According to Jeanne Harmon, executive director for the Center for Strengthening the Teaching Profession, “National Board candidates must demonstrate their ability to improve student learning. They essentially submit a year’s worth of evidence about their classroom practice - how skillful choices in instruction and assessment result in student growth.”
A joint effort led by Gov. Chris Gregoire, the Washington Education Association and OSPI, as well as broad bipartisan support in the state Legislature, has led to a rapid increase in NBCTs.

“National Board Certification is one solution to the challenges facing our schools,” Gov. Gregoire said. “Our state is committed to growing the number of National Board Certified teachers in schools where they are needed the most. We know that leveraging human capital is a key factor in improving teacher effectiveness, student learning and school culture.”
Mary Lindquist, president of the Washington Education Association, said that students stand to benefit the most from the increase in NBCTs. “Simply put, National Board Certification improves the quality of teaching and student learning,” she said. “The WEA is proud of the many educators who have undertaken this powerful, professional experience.”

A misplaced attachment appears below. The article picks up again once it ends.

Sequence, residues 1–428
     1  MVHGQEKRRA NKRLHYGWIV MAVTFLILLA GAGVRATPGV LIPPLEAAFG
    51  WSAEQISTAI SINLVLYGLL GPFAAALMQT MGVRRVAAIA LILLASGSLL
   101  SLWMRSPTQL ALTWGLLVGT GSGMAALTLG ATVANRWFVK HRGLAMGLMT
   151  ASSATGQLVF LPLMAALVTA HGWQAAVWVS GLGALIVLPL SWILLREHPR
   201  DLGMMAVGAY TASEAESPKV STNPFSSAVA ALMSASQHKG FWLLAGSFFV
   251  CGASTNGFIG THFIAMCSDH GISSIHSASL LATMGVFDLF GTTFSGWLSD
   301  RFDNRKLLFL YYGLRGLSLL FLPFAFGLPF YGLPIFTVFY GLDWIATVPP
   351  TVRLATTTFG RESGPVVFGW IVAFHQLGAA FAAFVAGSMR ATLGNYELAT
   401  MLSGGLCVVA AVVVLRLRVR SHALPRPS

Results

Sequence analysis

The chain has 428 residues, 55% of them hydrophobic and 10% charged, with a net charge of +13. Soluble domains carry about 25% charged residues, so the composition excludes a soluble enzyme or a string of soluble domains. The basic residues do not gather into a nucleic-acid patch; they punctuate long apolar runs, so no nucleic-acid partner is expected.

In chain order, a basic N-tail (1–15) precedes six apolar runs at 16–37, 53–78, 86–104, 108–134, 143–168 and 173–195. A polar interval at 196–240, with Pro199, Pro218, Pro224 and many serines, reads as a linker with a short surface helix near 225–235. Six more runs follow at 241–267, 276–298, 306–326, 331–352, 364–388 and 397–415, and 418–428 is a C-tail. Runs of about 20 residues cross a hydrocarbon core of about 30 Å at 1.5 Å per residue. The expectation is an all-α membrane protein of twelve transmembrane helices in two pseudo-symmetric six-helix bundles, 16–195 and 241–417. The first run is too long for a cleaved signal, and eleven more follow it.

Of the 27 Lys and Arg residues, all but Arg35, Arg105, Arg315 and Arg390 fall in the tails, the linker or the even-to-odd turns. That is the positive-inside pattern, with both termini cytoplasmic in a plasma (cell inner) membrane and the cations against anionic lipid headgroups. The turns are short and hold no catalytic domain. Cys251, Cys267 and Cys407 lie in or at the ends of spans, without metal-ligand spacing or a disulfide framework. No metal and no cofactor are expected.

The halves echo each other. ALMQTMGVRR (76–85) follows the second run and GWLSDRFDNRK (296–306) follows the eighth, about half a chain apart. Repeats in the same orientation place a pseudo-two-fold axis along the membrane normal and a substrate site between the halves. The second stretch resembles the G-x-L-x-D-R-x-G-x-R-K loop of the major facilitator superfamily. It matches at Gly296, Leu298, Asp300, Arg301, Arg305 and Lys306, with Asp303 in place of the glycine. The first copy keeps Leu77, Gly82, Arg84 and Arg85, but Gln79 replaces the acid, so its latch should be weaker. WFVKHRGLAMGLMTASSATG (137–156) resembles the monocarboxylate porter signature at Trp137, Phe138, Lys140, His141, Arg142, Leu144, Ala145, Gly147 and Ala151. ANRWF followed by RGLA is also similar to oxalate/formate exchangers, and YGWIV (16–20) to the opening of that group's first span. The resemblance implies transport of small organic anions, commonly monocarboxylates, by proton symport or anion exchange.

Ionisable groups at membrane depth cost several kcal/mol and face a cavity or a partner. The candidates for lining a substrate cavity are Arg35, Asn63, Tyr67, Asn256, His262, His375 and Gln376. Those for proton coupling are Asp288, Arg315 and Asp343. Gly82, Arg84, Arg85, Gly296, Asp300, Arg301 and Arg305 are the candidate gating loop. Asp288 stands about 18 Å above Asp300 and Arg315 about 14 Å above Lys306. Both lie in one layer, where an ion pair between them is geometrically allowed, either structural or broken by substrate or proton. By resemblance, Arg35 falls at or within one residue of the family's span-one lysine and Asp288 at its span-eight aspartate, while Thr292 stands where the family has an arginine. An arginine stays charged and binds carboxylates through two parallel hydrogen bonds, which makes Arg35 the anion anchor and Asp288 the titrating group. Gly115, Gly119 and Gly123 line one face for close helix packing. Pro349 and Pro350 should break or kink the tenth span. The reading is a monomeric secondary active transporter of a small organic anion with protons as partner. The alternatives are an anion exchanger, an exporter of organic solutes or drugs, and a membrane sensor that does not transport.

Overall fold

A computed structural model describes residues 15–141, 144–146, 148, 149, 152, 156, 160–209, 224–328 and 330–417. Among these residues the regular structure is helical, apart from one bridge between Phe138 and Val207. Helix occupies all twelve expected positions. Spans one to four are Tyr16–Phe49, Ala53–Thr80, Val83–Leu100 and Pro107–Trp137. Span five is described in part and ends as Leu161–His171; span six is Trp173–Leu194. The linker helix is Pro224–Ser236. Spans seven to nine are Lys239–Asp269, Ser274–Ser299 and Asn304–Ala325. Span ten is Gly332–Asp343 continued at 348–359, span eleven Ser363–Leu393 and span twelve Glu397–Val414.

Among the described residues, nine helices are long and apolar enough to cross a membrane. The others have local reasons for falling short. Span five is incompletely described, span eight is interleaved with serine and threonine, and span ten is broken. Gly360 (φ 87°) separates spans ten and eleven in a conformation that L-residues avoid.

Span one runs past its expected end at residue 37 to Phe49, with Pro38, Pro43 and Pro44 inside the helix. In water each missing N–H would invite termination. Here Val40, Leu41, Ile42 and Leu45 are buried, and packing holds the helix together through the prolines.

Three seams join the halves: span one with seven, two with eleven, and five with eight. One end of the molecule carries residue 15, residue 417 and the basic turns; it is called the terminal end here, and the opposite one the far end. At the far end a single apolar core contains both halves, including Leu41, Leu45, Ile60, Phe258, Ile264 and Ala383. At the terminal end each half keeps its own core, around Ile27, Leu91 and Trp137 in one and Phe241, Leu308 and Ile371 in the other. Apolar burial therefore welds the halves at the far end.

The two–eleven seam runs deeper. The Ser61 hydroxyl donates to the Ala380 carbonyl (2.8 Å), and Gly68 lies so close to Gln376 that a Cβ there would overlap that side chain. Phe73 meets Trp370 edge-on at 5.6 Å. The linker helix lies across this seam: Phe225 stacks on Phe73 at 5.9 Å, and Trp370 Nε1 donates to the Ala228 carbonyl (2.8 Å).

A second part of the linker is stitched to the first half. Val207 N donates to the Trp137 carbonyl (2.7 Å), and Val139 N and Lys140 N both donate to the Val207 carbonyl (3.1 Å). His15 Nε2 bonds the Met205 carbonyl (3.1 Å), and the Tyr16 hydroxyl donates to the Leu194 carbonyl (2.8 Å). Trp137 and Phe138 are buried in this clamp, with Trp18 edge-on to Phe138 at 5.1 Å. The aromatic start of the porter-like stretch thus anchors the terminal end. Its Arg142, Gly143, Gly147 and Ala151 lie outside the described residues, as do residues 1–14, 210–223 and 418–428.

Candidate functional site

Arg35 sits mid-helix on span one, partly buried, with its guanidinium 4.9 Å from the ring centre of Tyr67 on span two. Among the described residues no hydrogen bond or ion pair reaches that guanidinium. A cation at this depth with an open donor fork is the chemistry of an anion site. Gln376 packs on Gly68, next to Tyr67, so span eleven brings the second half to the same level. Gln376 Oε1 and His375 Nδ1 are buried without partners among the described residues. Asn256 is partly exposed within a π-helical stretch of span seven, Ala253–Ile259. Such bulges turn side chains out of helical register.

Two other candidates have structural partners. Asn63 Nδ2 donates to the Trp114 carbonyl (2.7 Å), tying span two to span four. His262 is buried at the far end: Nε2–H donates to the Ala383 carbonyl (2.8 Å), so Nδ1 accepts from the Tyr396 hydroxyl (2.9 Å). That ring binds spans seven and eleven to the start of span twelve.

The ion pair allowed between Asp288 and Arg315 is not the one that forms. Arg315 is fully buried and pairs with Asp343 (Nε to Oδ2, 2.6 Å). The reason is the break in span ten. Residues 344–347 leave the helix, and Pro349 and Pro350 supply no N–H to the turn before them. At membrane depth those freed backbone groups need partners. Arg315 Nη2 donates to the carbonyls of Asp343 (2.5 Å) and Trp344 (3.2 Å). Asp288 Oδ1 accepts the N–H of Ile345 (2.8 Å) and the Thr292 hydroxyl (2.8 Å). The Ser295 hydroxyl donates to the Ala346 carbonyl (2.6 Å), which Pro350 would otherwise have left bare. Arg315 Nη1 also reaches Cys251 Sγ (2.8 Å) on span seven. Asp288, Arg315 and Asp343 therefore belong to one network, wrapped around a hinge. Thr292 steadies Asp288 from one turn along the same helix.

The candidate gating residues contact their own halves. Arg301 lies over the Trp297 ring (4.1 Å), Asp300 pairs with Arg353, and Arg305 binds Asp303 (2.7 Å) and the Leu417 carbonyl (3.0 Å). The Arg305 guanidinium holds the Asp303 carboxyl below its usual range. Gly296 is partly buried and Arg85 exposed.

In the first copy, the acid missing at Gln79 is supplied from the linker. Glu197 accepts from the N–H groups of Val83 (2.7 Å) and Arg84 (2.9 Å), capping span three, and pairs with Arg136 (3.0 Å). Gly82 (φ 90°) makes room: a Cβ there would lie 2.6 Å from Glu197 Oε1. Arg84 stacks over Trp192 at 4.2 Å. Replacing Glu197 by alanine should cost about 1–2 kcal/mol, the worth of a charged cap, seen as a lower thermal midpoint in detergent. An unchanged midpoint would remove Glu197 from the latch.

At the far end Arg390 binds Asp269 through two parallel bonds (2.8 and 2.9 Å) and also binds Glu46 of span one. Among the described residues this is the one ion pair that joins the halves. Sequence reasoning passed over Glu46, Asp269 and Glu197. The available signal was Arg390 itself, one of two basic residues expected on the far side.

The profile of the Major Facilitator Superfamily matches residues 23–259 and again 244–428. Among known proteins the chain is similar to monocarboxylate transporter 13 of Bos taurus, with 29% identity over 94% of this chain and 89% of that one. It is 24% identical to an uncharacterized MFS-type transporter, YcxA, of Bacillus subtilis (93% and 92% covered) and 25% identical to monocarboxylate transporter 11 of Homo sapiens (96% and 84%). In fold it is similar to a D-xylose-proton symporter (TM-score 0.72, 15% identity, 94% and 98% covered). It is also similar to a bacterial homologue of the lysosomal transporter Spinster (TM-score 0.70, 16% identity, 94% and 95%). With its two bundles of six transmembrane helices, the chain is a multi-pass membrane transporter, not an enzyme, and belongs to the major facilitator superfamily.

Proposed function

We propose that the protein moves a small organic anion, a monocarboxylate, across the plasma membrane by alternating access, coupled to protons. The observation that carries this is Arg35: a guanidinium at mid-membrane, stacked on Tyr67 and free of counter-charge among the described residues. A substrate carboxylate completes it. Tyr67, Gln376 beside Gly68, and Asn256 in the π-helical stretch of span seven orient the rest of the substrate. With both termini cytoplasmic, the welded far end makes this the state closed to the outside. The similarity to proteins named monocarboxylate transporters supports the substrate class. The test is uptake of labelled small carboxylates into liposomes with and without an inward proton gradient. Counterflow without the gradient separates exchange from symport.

National Board Certification requires teachers to submit a four-part portfolio and a six-exercise content and pedagogy assessment. The 10 entries document a teacher’s success in the classroom as evidenced by his or her students’ learning.

The portfolio is then assessed by a national panel of peers. Created in 1987, the National Board for Professional Teaching Standards is an independent, nonpartisan and nonprofit organization devoted to advancing the quality of teaching and learning.

Personnel Report (from 1/19/10 school board meeting)